ICER’s Money Problem: A Self-Appointed 'Drug Pricing Czar'

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While the last year was very difficult for millions of Americans, it was also a period of rapid innovation as leaders in government and the private sector worked to combat a global pandemic. As a result, about half the U.S. adult population is now fully vaccinated for COVID-19 and, in most places, a sense of normalcy is returning.

Given these successes, many were surprised when President Biden recently announced his support for the World Health Organization (WHO) proposal to waive intellectual property (IP) protections for COVID-19 vaccines. After a year that showed the world what was possible when government policy prioritizes scientific advancement, the administration’s actions could end up undercutting future innovation without any immediate public health benefit.

Sadly, this is not an isolated instance – there are other forces actively working to undermine delivery of breakthrough treatments to patients at a faster pace. For the past few months, the Institute for Clinical and Economic Review (ICER), a self-appointed gatekeeper for prescription medicine in the U.S., has been on a public relations offensive to weaken incentives to invest in new treatments.

In April, ICER released a white paper outlining proposed changes to the U.S. Food and Drug Administration’s accelerated approval pathway (AAP). Put simply, the AAP allows for rapid approval of drugs developed for serious conditions, particularly those that are the first available treatment for a condition, or that have distinct advantages over existing treatments. By temporarily eliminating some regulatory hurdles, the AAP program makes it easier to provide some of the most desperate patients access to the newest treatments. And, by most objective measures, the program has been a success, particularly when it comes to cancer treatments.

While ICER’s white paper acknowledged some benefits of the AAP, it also outlined many potential “reforms” to the program. Chief among these reforms was a proposal to increase mandatory rebates or lower reimbursement rates for AAP drugs, with the potential to increase reimbursements in the future based on confirmatory evidence.

On the surface, mandating lower prices until an AAP drug is fully approved may seem like a reasonable idea, but it completely ignores the impact on patients.  Under such a scheme, patient access to innovative treatments would be severely curtailed.  And the promise of newer, better, more specialized treatments may take longer to realize – if that promise is ever realized at all.  Quite simply, creating disadvantageous pricing for AAP drugs creates a disincentive to discover them.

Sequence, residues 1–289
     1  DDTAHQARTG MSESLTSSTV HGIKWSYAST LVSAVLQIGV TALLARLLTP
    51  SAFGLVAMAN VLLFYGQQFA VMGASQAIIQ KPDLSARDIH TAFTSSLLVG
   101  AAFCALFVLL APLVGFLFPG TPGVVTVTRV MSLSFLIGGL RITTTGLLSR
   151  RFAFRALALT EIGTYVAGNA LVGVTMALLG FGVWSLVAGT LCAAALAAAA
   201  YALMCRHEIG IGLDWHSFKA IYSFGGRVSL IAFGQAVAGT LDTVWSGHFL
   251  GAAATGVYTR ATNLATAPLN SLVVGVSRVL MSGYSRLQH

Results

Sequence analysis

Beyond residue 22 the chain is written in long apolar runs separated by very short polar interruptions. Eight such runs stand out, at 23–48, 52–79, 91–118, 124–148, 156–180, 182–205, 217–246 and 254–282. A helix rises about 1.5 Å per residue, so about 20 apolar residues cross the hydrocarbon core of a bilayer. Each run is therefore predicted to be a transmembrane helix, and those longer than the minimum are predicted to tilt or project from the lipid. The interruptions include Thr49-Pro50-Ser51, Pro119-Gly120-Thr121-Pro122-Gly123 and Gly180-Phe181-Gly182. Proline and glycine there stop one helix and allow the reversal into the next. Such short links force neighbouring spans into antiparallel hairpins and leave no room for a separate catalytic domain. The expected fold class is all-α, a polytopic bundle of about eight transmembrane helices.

Any regulatory program – including the AAP – should be reexamined over time. However, the principles behind the AAP are sound.  The program works because it prioritizes patient access while still holding drug developers accountable.  It incentivizes development of treatments that would not be worth the financial risk under normal circumstances, including those designed to treat patients who would otherwise be left behind.

It is not surprising that ICER would look at the AAP and recommend steeper mandatory rebates or price cuts.

ICER has a long history of performing research that, far more often than not, concludes that new drugs and treatments are not worth the cost. Their recommendations also typically include demands for increased rebates or lower prices.

Of course, the main audiences for ICER’s valuations are the health insurers and pharmacy benefit managers (PBMs) that use ICER’s conclusions to make decisions about pricing and coverage for new therapies. That is also where much of the organization’s funding comes from. Executives from some of the world’s largest insurers sit on the ICER board, and its president is a former research fellow for the largest insurance industry trade association.

Long story short, there is a significant overlap between ICER’s research outcomes and the profitability of the industry that funds ICER’s activities. ICER insists that it is an independent actor. However, when they advocate regulatory changes that can prevent some of our most vulnerable patients from getting access to cutting-edge treatments, it is clear whose interests they are representing.

The events of the past year have revealed quite a bit about America’s health system. They have exposed weaknesses and highlighted areas in dire need of improvement.

At the same time, they have shown us that policies designed to encourage innovation and scientific advancement can produce miraculous results and benefit the lives of millions of people. We hope that as they debate potential reforms, our elected leaders will look to build on these successes rather than following the advice of supposed experts who are not focused on the needs of patients.

Terry Wilcox is the executive director of Patients Rising. William Smith, PhD, is Visiting Fellow in Life Sciences at the Pioneer Institute in Boston.

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